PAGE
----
You can do amazing things within Infinity to craft sounds and alter harmonics, blending the sound of one instrument into another and creating new instruments while all the time painting with sound and with music in ways I've not encountered before. In the right hands, it could offer a very different approach to mixing sounds and blending ideas from unexpected places. It can be launched from within your DAW as an audio editor, opening up potential for doing weird stuff as an experimental tonal editor to add to the toolbox of sound designers and timbre manglers. Or if you feel frustrated with the boundaries and structure of your average DAW then you may find Infinity offers an alternative free-flowing compositional adventure. Infinity could be great!


One of the supplied RipScripts is the Chord Creator, which automatically generates a  chord to accompany the selected note.One of the supplied RipScripts is the Chord Creator, which automatically generates a chord to accompany the selected note.

RipScripts are scripts or processes that are applied directly to the note and musical information stored in the rip. The Chord Creator is a good example that's easy to grasp, both visually and aurally. Select a note and hit Chord Creator, and Infinity automatically generates a chord around the chosen note. For this process you do get a little panel where you can select major or minor key. You can also specify an arpeggio time, which staggers the notes. It's easy to forget that you're dealing with sinusoidal resynthesis of spectrally and musically analysed audio rather than MIDI.

However, it was also at this point that my unfamiliarity with the Infinity workflow started to turn to frustration. With the Chord Creator panel open, any note I click instantly gets a chord. If I change a setting in the panel it then gets another chord over the top. As I still can't quite work out how to reliably start playback from exactly where I want to, I find myself accidentally generating chords as I try to select something else, before spending a lot of time leaning on Ctrl+Z to undo my way back to something sensible, then getting in a knot as to what is playing back and which chord I'm generating. Martin has said that he wrote this software to enable his own creativity, but sometimes it's hard to know how he's thinking about the way things work. Pressing Escape seems to be vital in turning RipScripts on and off, a fact that is worth remembering.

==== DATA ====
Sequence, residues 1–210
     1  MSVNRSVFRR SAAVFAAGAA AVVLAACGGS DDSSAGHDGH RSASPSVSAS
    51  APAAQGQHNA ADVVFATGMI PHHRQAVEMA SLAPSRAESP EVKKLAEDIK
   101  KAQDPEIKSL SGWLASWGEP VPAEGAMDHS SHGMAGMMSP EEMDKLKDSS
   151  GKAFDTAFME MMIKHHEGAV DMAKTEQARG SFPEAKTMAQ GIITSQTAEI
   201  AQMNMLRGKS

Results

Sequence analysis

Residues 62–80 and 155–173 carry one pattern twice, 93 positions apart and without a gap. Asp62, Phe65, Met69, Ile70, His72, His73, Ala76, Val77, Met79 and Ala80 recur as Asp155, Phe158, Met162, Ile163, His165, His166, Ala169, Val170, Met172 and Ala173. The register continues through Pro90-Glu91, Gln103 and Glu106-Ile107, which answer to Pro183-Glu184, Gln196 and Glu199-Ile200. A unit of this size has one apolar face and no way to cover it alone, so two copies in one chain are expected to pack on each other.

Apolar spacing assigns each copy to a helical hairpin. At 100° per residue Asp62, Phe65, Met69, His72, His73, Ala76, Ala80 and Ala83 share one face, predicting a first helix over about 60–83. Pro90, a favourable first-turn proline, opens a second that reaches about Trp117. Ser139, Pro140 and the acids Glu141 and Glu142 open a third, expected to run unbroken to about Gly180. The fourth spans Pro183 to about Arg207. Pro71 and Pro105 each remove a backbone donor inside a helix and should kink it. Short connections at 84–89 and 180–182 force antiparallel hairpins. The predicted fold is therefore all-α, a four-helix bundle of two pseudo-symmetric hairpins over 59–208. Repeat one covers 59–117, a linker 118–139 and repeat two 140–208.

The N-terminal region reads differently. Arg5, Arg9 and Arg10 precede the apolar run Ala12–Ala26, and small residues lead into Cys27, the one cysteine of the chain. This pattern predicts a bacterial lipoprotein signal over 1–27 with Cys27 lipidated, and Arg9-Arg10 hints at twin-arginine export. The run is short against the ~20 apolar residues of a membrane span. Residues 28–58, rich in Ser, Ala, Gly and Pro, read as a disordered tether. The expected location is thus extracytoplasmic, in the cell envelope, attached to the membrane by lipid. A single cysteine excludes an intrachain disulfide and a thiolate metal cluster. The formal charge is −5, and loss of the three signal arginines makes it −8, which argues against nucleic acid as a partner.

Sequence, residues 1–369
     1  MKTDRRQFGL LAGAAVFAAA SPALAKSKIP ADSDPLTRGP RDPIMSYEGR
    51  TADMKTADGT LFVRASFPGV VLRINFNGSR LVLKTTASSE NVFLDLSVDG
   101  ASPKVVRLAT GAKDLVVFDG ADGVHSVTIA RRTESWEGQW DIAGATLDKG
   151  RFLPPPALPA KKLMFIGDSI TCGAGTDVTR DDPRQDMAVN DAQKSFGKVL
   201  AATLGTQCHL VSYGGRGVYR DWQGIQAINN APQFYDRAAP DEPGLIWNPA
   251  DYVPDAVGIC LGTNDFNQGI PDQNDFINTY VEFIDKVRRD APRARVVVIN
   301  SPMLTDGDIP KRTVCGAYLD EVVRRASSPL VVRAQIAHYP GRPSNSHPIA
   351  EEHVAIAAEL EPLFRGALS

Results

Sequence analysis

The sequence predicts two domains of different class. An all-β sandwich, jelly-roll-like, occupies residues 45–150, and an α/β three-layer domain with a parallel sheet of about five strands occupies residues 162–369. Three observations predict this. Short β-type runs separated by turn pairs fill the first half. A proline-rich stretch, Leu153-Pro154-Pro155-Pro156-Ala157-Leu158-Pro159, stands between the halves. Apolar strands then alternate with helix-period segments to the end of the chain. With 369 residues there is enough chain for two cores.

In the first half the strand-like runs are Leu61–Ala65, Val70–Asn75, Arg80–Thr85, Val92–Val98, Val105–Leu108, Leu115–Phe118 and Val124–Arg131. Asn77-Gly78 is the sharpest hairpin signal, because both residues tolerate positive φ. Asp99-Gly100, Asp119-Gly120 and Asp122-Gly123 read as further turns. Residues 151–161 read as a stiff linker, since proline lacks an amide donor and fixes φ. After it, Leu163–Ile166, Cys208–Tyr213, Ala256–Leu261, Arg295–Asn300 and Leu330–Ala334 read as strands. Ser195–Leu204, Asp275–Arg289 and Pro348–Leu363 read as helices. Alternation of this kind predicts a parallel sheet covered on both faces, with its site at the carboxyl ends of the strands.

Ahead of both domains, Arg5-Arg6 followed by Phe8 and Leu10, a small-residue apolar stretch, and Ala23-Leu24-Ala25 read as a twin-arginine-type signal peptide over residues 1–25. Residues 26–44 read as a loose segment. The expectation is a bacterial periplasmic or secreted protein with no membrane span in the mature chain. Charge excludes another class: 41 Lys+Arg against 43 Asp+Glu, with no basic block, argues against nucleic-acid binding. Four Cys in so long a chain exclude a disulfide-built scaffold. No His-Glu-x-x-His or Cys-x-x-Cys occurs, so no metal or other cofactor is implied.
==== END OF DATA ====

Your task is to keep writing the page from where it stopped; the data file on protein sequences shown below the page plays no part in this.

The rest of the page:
The other supplied RipScripts include tools for cleaning frequencies and phase artifacts, mapping a volume change across a number of notes and various effects. One is called Infinity Scale, and applies the Shepard Tone auditory illusion to the selected notes; whether this is for dramatic or comedic effect, I'm not quite sure. Another such tool is Inharmonicity, which adjusts how far the harmonics depart from whole-number multiples of the fundamental. It sounds really interesting, but is hampered by an interface that lets you enter a single number where apparently something between "0.0 and 0.1 is most useful". Not having any reference for what the number means, you are left experimenting with one hand on the Undo button.

In fact, Infinity often made me feel like I was missing something fundamental. A thorough understanding of harmonics is something we all naturally possess, so the outcomes of these processes, tools and functions should be obvious, or at least discoverable through experimentation. Yet, although there's nothing wrong in expecting a certain level of intelligence from a user, I was often left scratching my head and wishing that the documentation contained more clues.

On the other hand, this is exactly what RipScripts are all about. They are infinitely variable, developable, and improvable. For instance when I first tried Infinity the effects couldn't be turned off once enabled. If you didn't want the effect you had to remember how many times you'd applied it in order to press Undo the right amount of times. After a discussion with Martin, he edited the script and a Cancel button arrived that undid the effect you were using. I moaned about the lack of tempo information and he conjured up a script to display the tempo. Any problems you have with the usability, feature set, or way of working can probably be solved through writing or improving the scripts. This could be an immensely powerful feature, and Hit'n'Mix hope that a community of users will rise up to write and share their own scripts.


  • Has the ability to isolate and edit instruments in mixed music.
  • Lets you 'paint' with instrument sounds.
  • Can transplant harmonic content from one instrument to another.
  • Detailed editing of the harmonic structure of sounds.
  • Open-ended, with programmable RipScripts that could do anything.


  • Non-intuitive workflow with a challenging learning curve.
  • Poor documentation.
  • Individual sounds extracted from a full mix don't always sound great.
  • It can take a lot of effort to get good results.


Infinity takes audio apart and resynthesizes it, allowing you to edit it at a fundamental level. It's an intriguing approach to sound that's mysterious, deep and complex, but not always easy to work with.


£299 including VAT.

Hit'n'Mix +44 (0)20 8852 5200

SOSMT Buy It Now logo 175x44

£299 (approx $366).

Hit'n'Mix +44 20 8852 5200.

SOSMT Buy It Now logo 175x44